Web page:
Brazil and their footballers have had an impact on the sport like no other. The country has provided some of the best players in the world for generations, dazzling spectators and pundits alike with their now-famous ginga; a traditional Brazilian fighting dance that made its way into the footballing lexicon. Most of the country’s greatest players have had humble beginnings before working their way up to the grandest of Fifa galas in the world.
Six-time Fifa World Player of the Year Marta follows in those legendary footsteps.
Her tale is a lot different than the Peles, Romarios, Ronaldos, Ronaldinhos. Marta battled through a difficult upbringing, moved away from home in her early teens, and never looked back. Having shattered records for fun over for close to two decades in the women’s game, the fleet-footed forward is widely seen as the greatest to have played the sport.
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The 34-year-old has plied her trade across continents, with stints in Brazil, USA and Sweden, where she was recently awarded citizenship in 2017.
Marta strengths are her dribbling, quick-thinking and orchestrating a move. Watch some of her best moments on video and you’d realise how the Dios Riachos-native was two steps ahead of her opponents.
While she could play a number of positions up front, Marta thrived on playing on the toes of the striker, spraying key passes while bringing players into the game, and applying the finishing touches. Of course, she was an outstanding dead-ball exponent too, earning the rather condescending moniker of “Pele in skirts” early into her international career.
“Growing up in a small town like Dois Riachos, you stood out. But not for your talent. No, you got weird looks and mean comments every day just because you were a girl. A girl who loved football,” Marta reflected on her journey three years ago on The Players Tribune.
“Why would God give me this talent, if no one wants me to play?
“Fight against their prejudice. Fight against the lack of support. Fight against it all – the boys, the people who say you can’t. Fight. Fight to be accepted. Because we both know it only takes one person to change things.”
Marta was at the forefront of that change. It was no longer the male footballers alone who brought in crowds to the stadiums. Televised women’s matches had fans sit in front of their TV screens just to get a glimpse of what she could do with the ball at her feet.
Alas, it is a shame that Marta could not win the big international prizes, especially the World Cup – an arena that no other country have left a lasting impact as much as Brazil. As a 21-year-old, she was at the heart of her country reaching the final in 2007, masterminding the quarter-final thriller against Australia and the 4-0 rout of USA in the semi-finals.
The final against Germany, however ended on a sobering note with Marta having her penalty saved in the second half. A goal would have levelled scores and Germany went on to become champions by a 2-0 margin. Nonetheless, she walked away with the Golden Ball and the Golden Boot.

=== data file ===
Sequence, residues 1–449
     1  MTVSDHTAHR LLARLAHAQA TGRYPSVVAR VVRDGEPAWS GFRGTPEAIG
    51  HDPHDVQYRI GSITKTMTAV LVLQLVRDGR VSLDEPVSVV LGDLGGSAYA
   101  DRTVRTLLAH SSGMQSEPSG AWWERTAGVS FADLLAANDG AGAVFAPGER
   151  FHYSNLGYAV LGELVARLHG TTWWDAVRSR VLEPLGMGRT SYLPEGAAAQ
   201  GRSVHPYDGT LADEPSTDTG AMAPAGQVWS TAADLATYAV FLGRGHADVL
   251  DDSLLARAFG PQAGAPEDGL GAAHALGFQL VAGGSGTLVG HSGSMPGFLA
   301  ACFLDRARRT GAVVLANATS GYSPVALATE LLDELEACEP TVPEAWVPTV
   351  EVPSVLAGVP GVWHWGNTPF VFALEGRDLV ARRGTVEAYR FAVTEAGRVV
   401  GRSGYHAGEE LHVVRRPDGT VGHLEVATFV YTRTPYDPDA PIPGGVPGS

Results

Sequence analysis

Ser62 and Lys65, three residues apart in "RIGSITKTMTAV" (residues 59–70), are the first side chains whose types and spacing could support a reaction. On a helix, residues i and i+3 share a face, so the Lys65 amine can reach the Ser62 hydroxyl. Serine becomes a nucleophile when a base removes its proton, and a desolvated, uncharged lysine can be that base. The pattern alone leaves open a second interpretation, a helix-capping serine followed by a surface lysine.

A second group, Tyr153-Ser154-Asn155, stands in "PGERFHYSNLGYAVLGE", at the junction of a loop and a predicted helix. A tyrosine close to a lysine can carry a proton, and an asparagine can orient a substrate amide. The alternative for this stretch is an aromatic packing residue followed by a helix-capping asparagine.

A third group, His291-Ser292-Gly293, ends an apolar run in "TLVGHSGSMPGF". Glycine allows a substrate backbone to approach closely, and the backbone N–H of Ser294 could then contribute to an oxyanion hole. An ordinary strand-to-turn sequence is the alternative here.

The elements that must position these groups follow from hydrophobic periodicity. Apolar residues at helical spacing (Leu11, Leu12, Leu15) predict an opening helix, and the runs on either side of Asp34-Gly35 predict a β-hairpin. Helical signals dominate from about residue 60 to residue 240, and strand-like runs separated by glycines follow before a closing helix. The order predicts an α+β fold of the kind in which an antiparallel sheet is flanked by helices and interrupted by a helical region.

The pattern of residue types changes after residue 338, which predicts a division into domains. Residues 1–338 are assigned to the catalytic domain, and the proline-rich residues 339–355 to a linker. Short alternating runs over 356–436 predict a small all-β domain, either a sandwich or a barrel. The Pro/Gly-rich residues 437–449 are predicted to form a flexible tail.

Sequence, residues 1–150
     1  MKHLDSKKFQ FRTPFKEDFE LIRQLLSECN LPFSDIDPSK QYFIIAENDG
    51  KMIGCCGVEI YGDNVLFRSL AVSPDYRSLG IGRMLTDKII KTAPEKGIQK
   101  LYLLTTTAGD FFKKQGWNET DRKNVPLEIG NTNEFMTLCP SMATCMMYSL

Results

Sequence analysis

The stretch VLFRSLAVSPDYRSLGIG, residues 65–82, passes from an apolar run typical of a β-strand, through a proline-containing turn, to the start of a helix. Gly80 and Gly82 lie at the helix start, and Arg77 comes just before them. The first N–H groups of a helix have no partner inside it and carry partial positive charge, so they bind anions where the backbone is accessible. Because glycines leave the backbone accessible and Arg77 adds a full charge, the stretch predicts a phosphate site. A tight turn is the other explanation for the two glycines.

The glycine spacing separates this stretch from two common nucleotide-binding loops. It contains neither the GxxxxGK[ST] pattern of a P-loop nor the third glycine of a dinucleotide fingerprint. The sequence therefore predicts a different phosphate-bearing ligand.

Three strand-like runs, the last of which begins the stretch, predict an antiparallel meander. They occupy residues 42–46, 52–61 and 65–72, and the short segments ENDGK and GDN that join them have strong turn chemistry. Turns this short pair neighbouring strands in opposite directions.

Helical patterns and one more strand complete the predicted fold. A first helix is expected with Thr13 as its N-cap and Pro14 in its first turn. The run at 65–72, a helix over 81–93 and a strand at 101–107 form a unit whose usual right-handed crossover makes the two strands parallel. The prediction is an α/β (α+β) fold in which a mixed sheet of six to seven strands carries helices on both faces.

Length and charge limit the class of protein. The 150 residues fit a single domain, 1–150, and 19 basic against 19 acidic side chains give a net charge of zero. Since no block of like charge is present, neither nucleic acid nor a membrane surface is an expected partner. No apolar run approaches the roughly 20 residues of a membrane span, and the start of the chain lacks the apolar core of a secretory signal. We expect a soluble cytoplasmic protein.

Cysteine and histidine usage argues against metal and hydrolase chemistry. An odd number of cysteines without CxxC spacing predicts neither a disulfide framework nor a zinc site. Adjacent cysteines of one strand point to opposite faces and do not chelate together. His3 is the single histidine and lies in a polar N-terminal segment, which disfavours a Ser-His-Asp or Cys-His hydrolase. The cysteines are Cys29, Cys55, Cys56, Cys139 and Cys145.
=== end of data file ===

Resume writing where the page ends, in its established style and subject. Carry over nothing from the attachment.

The following year, Marta’s Brazil were upstaged by USA in the final of the Beijing Olympics. The mighty Americans also emerged victors in the classic 2011 World Cup quarter-final, another event where Marta was at her sublime best. Her masterclass against Norway makes a worthy shout for one of the greatest World Cup performances. She scored two goals and set up another. Her opponents stood dazed in bewilderment.
Marta has recorded more than a century of goals wearing the iconic gold and blue jersey and is the top-scorer in World Cup history, male or female, with 17 goals. She remains the only player to have scored in five editions of the big-ticket event.
Marta’s contributions wasn’t restricted to a football field alone. An eloquent spokesperson and a natural leader, her rallying cry in a TV interview after Brazil were knocked out by France in the round of 16 became somewhat of an sensation.
Marta, along with fellow legends Cristiane and Formiga, were the pillars around which the Brazilian team built their success for nearly fifteen years. The time had come for them to pass the baton.
Her passionate speech was a reminder to young girls in Brazil of the sweat and toil that went in putting women’s football on the world map. “The future of women’s football is depending on you to survive,” Marta told the TV cameras. “There won’t be a Marta for ever. Think about what I’m saying.”
Marta has also had to grapple with the sniggers surrounding her appearance while playing. She explains: “For me, it represents the power of a woman. We are playing a sport that is very aggressive, very strong. Therefore, for a lot of people, it’s still very masculine,” Marta told The Telegraph. But I feel that when I wear the lipstick, we can show our feminine side with it. The lipstick became something powerful.”
There is little doubt that Marta inspired millions of kids to take up the sport. The doubts are even fewer when it comes down to a GOAT (Greatest of all times) debate in women’s football – like Pele, she will be remembered for generations to come.
Watch some of Marta’a best skills here: